The difference here, in particular, is night and day. Linearity is hugely improved and tone is considerably more natural. Notes are more wholly resolved and timbre becomes impressively accurate for a lower midrange tier portable headphone. Bolstering of the lower-frequencies provides the foundation while a slightly warmer lower-midrange and more linear centre midrange serve to further enhance midrange resolution. Vocals sit more in line with the bass and treble where before treble held most prominence.
Vocal clarity remains high, though subjectively separation is decreased as the alcantara pads push the headphones towards slight warmth as opposed to the clear coolness of the stock units. Sibilance is attenuated, a combination of a smoother upper-midrange and a more integrated treble. Nonetheless, the headphone remains clear and well-separated. Thus, the Alcantara’s strength lies in its ability to dispel any hints of coolness and raspiness of the headphone’s former self while avoiding over-warming, congestion or bass dominance.
While the lower-frequencies receive ample change and the midrange is thoroughly transformed, the higher-frequencies aren’t substantially altered besides a slight attenuation throughout. The quality remains similar as does the emphasis on lower-treble crispness, however, the background is appreciably darker and cleaner and extension is improved a touch, offering slightly higher resolution, benefiting background detail retrieval.
The foreground remains aggressively detailed and instruments such as strings and cymbals are presented with both energy and clarity. Detail retrieval here remains similar, though instruments aren’t quite as sharp as stock and highs are less fatiguing as they occupy a more balanced position within the headphone’s presentation.
By pushing back the background, the Alcantara pads create the impression of a larger soundstage. However, after listening to numerous albums, it’s apparent that the maximum size remains the same. Rather, listeners will be sure to enjoy heightened foreground/background delineation, enhancing the retrieval of finer details due to greater distinction between layers.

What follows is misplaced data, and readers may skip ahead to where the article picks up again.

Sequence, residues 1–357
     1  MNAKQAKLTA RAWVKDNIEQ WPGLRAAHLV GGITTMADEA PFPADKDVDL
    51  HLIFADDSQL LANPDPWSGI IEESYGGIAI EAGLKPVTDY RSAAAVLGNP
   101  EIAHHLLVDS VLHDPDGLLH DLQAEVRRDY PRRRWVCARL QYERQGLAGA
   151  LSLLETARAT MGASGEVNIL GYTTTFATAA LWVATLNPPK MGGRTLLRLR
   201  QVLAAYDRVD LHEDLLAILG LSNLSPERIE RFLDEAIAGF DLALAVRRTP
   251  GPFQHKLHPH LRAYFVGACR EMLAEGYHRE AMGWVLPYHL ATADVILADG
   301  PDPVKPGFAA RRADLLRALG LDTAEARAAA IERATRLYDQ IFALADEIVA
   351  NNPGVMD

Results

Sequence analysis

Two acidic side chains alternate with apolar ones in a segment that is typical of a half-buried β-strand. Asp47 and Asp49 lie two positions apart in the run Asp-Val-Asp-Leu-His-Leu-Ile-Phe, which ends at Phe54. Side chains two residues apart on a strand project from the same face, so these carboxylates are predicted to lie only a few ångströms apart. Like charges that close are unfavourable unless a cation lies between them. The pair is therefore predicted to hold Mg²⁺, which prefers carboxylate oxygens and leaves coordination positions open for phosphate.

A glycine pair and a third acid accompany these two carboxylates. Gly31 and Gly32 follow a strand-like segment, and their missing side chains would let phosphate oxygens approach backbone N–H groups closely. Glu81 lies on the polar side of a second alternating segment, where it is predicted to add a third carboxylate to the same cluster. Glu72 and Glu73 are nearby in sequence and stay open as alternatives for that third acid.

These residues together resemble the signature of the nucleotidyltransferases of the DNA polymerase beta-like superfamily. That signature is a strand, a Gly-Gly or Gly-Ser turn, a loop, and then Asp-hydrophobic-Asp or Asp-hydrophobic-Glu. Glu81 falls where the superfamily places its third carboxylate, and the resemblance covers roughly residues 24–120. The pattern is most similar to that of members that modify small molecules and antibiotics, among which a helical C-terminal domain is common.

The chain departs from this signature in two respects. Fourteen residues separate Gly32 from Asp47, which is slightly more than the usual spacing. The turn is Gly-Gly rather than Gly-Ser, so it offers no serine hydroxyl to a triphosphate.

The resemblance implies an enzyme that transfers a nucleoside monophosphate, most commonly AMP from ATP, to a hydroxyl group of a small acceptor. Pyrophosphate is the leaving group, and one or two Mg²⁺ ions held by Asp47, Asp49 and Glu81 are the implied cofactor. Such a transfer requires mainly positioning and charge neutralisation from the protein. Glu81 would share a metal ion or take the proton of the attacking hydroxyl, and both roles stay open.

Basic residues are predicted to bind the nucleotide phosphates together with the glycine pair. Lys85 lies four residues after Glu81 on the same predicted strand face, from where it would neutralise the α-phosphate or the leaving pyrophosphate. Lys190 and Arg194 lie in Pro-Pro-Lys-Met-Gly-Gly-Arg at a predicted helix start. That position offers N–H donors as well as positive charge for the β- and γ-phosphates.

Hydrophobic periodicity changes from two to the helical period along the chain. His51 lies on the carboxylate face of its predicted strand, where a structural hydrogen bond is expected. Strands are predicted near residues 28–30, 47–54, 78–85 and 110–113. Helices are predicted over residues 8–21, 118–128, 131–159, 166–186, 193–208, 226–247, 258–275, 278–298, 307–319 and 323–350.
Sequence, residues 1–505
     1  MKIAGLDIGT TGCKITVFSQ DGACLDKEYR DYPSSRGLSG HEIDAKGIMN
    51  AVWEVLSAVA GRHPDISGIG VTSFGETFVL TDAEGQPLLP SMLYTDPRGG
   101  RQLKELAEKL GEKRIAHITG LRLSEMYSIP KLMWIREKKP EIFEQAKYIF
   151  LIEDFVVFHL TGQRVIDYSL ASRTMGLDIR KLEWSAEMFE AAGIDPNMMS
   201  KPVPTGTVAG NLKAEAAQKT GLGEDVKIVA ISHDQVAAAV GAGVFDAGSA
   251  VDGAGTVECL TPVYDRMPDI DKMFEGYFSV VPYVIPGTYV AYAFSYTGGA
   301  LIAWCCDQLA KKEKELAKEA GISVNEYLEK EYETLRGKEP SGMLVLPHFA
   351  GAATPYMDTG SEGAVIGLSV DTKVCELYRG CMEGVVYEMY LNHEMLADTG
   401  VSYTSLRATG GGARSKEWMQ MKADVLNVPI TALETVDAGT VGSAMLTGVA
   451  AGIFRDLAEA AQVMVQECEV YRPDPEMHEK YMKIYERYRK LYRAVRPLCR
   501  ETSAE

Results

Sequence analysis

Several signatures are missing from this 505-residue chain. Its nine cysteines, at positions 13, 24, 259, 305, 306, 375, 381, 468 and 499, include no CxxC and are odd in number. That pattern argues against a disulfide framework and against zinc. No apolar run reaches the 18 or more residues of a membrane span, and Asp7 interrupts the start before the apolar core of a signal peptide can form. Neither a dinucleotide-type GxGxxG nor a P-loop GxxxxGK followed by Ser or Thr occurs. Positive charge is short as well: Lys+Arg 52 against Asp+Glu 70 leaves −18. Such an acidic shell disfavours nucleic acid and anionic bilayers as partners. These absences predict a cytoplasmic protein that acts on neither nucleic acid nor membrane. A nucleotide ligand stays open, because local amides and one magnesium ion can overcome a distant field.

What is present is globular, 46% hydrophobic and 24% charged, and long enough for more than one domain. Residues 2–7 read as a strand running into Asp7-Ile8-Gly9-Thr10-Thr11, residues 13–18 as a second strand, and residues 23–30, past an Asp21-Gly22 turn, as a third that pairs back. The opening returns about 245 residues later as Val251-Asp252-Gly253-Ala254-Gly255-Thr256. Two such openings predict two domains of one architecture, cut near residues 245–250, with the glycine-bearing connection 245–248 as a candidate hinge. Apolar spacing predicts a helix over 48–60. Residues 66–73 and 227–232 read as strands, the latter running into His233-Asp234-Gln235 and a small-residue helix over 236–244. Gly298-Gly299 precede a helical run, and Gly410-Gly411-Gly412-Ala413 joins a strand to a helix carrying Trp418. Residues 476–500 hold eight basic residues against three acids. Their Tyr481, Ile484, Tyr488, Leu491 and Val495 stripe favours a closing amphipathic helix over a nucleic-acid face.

Though not as separated due to enhanced warmth and note size, greater linearity produces a sound that is more coherent and imaging that is notably improved as a result. With greater balance and no dominance of any particular frequency, minutia is easier to discern. The cooler sound of the stock pads may strike as more transparent and higher energy, however, the Alcantara pads offer a sound that is more immersive and certainly easier on the ears over longer listening.
Like their Porta Pro pads, I find myself struggling to identify areas of weakness with Yaxi’s MSR7 pads. Being such a subjective hobby, many will still be sure to prefer the cooler, brighter and clearer sound of the stock pads, yet those searching for something more natural and comfortable will want to look towards Yaxi’s Alcantara alternative. From an accuracy point of view, the Alcantara pads immediately offer a more linear, natural and balanced sound.
Equipped, they transform the MSR7 into a very well voiced midrange headphone that can compete, in terms of tonality, with higher priced models. Of course, detail retrieval and resolution aren’t improved by a significant degree. Nonetheless, Yaxi’s Alcantara ear pads offer a sound that is completely more desirable to my ear than stock – making them an easy recommendation for owners looking for a more balanced flavour of MSR7.
The MSR7 Alcantara ear pads can be purchased from Yaxi for $39 USD. I am not affiliated with Yaxi and receive no earnings from purchases through this link.